Sunday, November 10, 2019
BC Wallin on KOSHER BEACH (2019) DOC NYC 2019
Writer-director-cinematographer-producer Karin Kainer, in her third documentary, turns her camera to a walled-off beach in Tel Aviv, Israel, where the days are men-only and women-only, and Orthodox women — the focus of Kosher Beach’s narrative — have the chance to unwind without concern of being seen by the men of their Chareidi community (referred to by many as ultra-Orthodox Jews). As one woman explains, the Torah teaches “and you shall greatly protect your souls,” which is taken to mean that exercise and recreation are important to living good, Jewish lives. I once heard a rabbi say that if “Kosher entertainment” were not arranged for Jewish communities, they might find other, less savory things to do with their time.
There are three cultural conflicts that infuse Kosher Beach with its story: between the women and their community, the women and their daughters, and the daughters and the Tel Aviv culture, a stand-in for a secular modernity in seeming conflict with a religiously Orthodox life. The lifeguards tend to be on the more Chiloni (secular) side of the Israeli-Jewish spectrum, but they get along well with the women of their beach, who bring them frozen grapes and watermelon, and who make Sundays a holy day for one of the lifeguards with their presence.
It’s a tough thing to exist in a world and to feel out of pace with it. The Chareidi man tends to dress in the same style as European Jews did over a century ago. Clothes, for some, can feel limiting, especially for women who face the expectation that they should cover themselves up so that the men of their community would not see them. A daughter of one beach-goer asks, why don’t they just look away?
Kainer’s documentary shows the beach with a tender eye, highlighting the relationships and moments of happiness that make this place where women have a place to swim and dance in their shvimkleid (modest bathing suits). One lifeguard remarks, “this is a sanctuary.” The camera turns a sympathetic eye to the teenage girls who come to the beach first in their tank tops and shorts, then slim and slimmer bikinis (One woman says, “She should be with non-religious…she’s naked!”). They’re among other women, other Orthodox Jews, trying to stay in the fold and also feel free, but they still face judgement. The adult women are faced with the danger of their beach being closed down — “Who will save our daughters?” one rabbi exhorts.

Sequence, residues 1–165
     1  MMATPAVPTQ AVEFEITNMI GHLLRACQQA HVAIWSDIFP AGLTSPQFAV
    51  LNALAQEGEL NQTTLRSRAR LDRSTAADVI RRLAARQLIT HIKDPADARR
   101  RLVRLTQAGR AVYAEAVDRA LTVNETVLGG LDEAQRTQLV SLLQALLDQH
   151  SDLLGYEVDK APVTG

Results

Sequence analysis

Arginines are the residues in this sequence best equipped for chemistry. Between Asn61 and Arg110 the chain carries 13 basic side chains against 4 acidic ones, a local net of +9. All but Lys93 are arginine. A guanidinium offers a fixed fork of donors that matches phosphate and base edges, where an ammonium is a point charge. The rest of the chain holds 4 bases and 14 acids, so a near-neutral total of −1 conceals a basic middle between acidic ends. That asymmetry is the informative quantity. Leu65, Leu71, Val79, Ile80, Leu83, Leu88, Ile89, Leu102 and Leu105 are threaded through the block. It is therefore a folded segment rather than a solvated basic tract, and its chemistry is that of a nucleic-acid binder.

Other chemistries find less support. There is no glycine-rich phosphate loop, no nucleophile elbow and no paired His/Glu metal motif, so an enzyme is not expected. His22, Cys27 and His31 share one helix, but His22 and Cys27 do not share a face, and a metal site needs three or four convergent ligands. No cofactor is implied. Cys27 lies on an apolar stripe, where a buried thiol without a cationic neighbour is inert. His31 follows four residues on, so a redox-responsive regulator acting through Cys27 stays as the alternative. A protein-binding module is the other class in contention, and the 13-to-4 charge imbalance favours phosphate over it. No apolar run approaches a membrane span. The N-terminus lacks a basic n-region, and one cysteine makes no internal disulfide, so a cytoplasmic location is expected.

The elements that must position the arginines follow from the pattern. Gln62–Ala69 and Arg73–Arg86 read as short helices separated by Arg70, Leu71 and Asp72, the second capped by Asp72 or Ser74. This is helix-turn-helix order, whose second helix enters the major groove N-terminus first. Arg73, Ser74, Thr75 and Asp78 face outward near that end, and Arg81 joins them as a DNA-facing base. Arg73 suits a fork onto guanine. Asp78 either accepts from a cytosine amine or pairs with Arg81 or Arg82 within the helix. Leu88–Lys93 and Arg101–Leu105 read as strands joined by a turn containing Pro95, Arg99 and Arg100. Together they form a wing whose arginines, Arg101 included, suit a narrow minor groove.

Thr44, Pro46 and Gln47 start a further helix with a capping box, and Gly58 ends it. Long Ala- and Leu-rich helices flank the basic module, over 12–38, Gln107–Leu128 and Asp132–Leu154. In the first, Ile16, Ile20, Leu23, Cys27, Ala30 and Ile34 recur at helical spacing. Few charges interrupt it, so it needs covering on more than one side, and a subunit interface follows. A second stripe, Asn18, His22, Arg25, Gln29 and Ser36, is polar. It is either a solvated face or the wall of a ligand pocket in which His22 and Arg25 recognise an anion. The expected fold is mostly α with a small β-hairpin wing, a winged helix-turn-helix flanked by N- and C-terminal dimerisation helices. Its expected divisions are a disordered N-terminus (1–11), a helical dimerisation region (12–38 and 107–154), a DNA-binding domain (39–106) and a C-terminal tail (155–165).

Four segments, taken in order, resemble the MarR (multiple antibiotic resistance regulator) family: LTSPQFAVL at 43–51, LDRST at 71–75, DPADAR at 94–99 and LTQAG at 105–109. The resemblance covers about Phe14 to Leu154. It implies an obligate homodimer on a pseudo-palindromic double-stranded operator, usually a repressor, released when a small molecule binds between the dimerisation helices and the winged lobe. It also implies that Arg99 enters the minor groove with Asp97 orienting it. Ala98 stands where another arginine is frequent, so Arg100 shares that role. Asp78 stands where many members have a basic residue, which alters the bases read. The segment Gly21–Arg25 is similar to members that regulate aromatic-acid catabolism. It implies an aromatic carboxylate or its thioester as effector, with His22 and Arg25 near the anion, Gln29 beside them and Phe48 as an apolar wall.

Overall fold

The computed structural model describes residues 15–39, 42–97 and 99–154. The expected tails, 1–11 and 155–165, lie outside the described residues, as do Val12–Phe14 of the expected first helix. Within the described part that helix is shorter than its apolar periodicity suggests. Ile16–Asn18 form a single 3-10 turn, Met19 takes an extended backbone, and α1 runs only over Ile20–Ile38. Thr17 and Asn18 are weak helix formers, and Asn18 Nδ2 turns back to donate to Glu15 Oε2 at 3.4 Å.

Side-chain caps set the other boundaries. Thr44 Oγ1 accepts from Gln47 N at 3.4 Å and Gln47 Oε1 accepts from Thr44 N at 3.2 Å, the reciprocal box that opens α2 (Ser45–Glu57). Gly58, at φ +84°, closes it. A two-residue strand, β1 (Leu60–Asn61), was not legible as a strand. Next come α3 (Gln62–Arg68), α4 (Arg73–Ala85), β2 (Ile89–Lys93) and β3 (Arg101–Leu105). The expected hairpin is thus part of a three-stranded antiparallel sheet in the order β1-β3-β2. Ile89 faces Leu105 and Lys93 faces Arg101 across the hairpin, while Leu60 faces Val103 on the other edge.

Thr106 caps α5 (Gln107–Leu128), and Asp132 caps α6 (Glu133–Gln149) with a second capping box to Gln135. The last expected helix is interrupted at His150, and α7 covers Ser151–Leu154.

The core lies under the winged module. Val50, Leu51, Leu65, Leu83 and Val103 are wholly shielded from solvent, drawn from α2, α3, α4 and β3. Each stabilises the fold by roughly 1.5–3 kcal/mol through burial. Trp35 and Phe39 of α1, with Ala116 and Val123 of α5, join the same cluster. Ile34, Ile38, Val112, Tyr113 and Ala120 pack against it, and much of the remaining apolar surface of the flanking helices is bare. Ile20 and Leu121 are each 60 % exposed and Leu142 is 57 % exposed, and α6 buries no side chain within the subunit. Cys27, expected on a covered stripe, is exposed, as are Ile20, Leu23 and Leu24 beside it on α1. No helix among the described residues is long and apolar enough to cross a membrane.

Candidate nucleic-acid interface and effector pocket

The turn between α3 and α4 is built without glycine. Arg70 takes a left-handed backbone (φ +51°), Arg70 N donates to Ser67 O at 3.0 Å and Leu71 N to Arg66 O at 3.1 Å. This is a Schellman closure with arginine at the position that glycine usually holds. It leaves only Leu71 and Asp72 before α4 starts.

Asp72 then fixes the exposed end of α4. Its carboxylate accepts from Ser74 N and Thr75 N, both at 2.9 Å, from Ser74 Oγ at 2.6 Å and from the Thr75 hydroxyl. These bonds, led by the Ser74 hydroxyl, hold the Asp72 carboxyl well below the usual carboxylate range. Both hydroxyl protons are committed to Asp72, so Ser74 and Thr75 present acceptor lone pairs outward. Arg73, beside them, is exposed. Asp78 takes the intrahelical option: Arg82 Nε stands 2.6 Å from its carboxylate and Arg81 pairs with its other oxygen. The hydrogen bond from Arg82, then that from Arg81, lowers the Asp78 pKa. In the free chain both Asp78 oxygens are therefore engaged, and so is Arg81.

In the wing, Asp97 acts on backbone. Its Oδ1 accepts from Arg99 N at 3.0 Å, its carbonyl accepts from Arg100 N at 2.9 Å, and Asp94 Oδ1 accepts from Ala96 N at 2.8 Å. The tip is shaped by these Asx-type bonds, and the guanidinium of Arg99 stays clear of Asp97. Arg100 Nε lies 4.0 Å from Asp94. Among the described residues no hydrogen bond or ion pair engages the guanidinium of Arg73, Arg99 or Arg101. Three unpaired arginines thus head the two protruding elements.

In Kosher Beach, there is no clear resolution to a problem that’s not really just about a beach and that’s not really just about being able to choose one’s own clothing. Terms like Chareidi and modern Orthodox and Chiloni tend to be limiting to those using them to classify others and to those being classified. They set boundaries of expectation that don’t necessarily allow for an irreligious man to put on a tallit and tefillin (religious articles) and pray or for a strict follower of Judaic law to be able to spend a day at the beach.
In the end, it’s not the teenagers who commit the greatest rebellion of the film, and it’s not the rabbis we see reciting Tehillim (Psalms) as a missile lands within a short distance of the shoreline and nobody is harmed. “On the one hand,” one girl expresses, “I want nothing to do with these annoying ultra-Orthodox. On the other hand, I do want to be…I don’t know what I want to be.” While the figures and characters may create restrictions and expectations for each other, Kainer gives them the room to explore the ambiguity of not always knowing what to want.